A new student has just been added to my 5th grade class. She was adopted from Kazakhstan in June and began learning English in June. She's extremely bright, but obviously language is a barrier. In math, she's a whiz. The "hard" words are new to all the students, so she's learning right along with them. The rest of the words are "easy" words. Plus, usually I just have to explain the directions for the assignment to her once and there are a dozen or so problems for each direction. So she can do the work.
But when we get to subjects where assignments have questions that she has to read, it's very difficult for her (obviously). I can't take the time to go over every question with her to the extent that she needs for 2 reasons. 1) My class is the sort that you can't turn your back on. If I spend any significant amount of time with her, they're off task and chatting and poking each other with pencils and stealing each other's papers, etc. 2) I assign, for example, 5 questions to answer and think about, and then we'll have a class discussion. In the amount of time it takes me to explain the first question and explain the material in the chapter and re-explain what I've said at the front of the class, the rest of the class is finished and doing all the above. If I assign them "extra" work to do just to keep them quiet, while I work with her, we'll just get more and more behind (in a quarter where we're already horrifyingly behind because of a bazillion Christmas program rehearsals) from going so slow. I'm already two days off just from the 5 days she's been in my class.
Then there's the fact that we're halfway through a novel study, so she's having to catch up (and her parents are being very helpful in catching her up, but even catching up without a language barrier is difficult). She also gets very down on herself if she spells things incorrectly, even though I've told her over and over that she just has to sound it out and I won't mark it wrong for misspelled words.
Then there's the issue that even the alphabet is different for her, so I have to write everything extremely neatly for her to be able to understand the letters. I do so much writing on the board that's just quick notes, and I don't have the time to write perfectly every time. If I forget to dot an "i" or there's no "stem" on my "m" or my "w" has a rounded bottom instead of a "v" shaped bottom, she doesn't know what the letter is.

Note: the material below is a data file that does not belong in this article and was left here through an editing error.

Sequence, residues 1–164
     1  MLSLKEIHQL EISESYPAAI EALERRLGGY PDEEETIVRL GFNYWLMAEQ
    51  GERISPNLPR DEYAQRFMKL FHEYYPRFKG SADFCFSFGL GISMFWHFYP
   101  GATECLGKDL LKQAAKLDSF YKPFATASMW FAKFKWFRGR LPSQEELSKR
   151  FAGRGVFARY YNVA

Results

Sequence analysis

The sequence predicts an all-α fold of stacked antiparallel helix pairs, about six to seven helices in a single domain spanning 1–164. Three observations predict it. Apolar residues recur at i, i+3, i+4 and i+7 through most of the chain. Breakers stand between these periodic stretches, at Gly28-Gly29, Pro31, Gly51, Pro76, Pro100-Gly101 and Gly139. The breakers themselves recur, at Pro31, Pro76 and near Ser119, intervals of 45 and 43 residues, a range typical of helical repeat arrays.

Have you considered using peer tutors? It would be a mistake, I think, to assign just one, but perhaps you could choose a different student to help her in each subject. Perhaps a couple of extra desks at the back of the room would provide a place for this help so their quiet conversation would not bother others. You might need to discuss this with their parents before implementing it, and of course, you can make other arrangements if it doesn't work.
I once had a Russian child who came in knowing only yes, no, and thank you. By the end of the year, he scored 97 percentile on the achievement test. He was very bright, but in the beginning successful only in math.
Have you considered modifying her assignments? She's just learning ENglish...have her read a book that's smaller and simple ENglish and learn to read and comprehend that before moving to a novel.
One of my best ESOL classes started witht he prof walking into our room speaking all greek -- modern greek. She illustrated 3 kinds of lessons. first she did a short lecture. We understood none and could answer NONE of her questions in greek. Then she did a lesson that was slightly interactive and we learned a few basic words from gestures and pointing to things in the room. Third she did a lesson teaching us to count and using hard manipulatives, then switched to the arabic numbers and by the end we were all counting in greek.
The first part was so scary and intimidating for a room of ADULTS. let alone a single child hearing it all by herself. What guidance does yoru district offer you? Our ESOL children are expected to progress -- but definitely not be on level with the others immediately. That's a huge leap for them to make -- learning letters to reading a novel to answering questions... They are graded on the progress rather than "in comparison with the others in the class." Illustrate the directions, shorten assignments, simplify the language, these are all modifications for an ESOL student that will help the learning to be less stressful for her and for you!
Also -- know, that even if she's not answering aloud, she's learning a lot. Kids take 2-4 years to learn CONVERSATIONAL english and 5-7 years to learn ACADEMIC english -- so just work at her speed! Does this help at all?
What do you do during class discussions if you modify for one student? If the rest of the class is reading one novel, and we're having class discussions about facts, themes, and literary devices and she hasn't read the book at all, won't that be more confusing?
I don't have a district. We're just a small private school, and I'm the only fifth grade teacher (and it's my first year). I don't really have any idea what I'm supposed to do, and the administrator that I asked didn't either. She's supposed to get back to me with something. Her suggestion was an in class aide, but I don't really want another adult in my room (plus, there is physically no more room for another adult. The kids in my classroom have to squeeze to get around, and I can't reach some areas of the classroom because of desks being squeezed together. )